Meditation practice can be quite the reprieve from our busy lives, a quiet time to find a bit of peace of mind. It never really loses that effect, but as we become more familiar with the nature of the mind, the reasons as to why and how we practice begin to broaden.
As we think, so we become. Being as such, whatever we put into the mind, whatever we entertain, comes in through our senses and inevitably comes out through thought, words, or actions. Every state of mind is preceded by a thought. Thoughts are the causal seed for the resultant state of mind. In this way, a thought becomes a state of mind. Therefore, whatever state of mind we experience is dependent on the thoughts we entertain.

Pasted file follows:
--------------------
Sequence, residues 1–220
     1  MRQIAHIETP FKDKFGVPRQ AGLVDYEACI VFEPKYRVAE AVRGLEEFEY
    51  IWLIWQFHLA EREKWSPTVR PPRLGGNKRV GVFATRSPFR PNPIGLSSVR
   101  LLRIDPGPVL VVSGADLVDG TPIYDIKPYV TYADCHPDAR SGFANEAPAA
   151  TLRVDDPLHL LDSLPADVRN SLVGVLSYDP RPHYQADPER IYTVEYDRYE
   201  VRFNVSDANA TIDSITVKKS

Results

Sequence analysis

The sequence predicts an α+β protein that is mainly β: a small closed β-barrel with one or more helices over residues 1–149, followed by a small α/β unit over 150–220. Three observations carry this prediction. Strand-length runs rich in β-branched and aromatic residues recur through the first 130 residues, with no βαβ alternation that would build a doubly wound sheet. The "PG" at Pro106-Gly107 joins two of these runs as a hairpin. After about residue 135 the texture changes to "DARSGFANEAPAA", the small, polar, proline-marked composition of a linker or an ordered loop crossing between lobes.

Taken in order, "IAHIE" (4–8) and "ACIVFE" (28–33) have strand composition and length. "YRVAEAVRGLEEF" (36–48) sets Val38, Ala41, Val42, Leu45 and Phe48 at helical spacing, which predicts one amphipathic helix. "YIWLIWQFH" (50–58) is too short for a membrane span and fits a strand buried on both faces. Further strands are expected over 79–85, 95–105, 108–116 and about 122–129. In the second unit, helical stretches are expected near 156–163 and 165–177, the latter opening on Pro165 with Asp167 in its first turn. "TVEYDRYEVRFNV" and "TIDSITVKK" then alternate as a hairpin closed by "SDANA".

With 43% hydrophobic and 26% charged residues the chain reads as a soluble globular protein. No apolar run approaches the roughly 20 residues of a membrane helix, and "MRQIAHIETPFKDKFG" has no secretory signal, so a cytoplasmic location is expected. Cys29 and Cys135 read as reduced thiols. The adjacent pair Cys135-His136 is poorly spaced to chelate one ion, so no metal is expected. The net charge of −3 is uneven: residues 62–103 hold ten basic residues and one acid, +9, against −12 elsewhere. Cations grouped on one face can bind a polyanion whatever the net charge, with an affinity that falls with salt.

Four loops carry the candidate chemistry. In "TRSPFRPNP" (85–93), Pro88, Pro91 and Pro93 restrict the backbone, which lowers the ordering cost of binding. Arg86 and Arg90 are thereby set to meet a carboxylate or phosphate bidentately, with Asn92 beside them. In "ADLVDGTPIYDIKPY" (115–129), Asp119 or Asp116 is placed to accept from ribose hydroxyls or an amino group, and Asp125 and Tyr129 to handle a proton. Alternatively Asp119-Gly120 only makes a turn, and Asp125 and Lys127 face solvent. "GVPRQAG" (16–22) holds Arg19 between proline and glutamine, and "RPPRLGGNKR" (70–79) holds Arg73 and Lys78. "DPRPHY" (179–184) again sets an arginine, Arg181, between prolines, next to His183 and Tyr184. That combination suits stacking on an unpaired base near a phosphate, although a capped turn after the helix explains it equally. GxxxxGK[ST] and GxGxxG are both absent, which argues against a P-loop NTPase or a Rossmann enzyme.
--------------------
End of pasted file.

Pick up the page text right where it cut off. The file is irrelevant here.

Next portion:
Knowing this, how we practice changes in that we become increasingly more aware and exercise more care in choosing what we willfully let in. We start to understand that everything that enters the mind through our senses affects our state of being. What we watch, read, hear, put into our bodies, etc., all for the duration of our exposure and for an immeasurable time thereafter, are affecting our quality of mind. Becoming wise through prior experience, we begin to question whether we want to inherit the consequent state of mind that will arise from our present actions.
Knowing better becomes doing better.
So the why as to why we practice changes. Knowing that what we're seeing in the mind during our seated meditation practice is a direct result of how we're using our minds throughout the day, we now are more inspired not just to seek that peace of mind "on the cushion", but also to make choices that will help better maintain it throughout the day. The reason we practice changes from seeking a temporary reprieve to finding an enduring freedom through willful and kind self discipline both on and off of the cushion.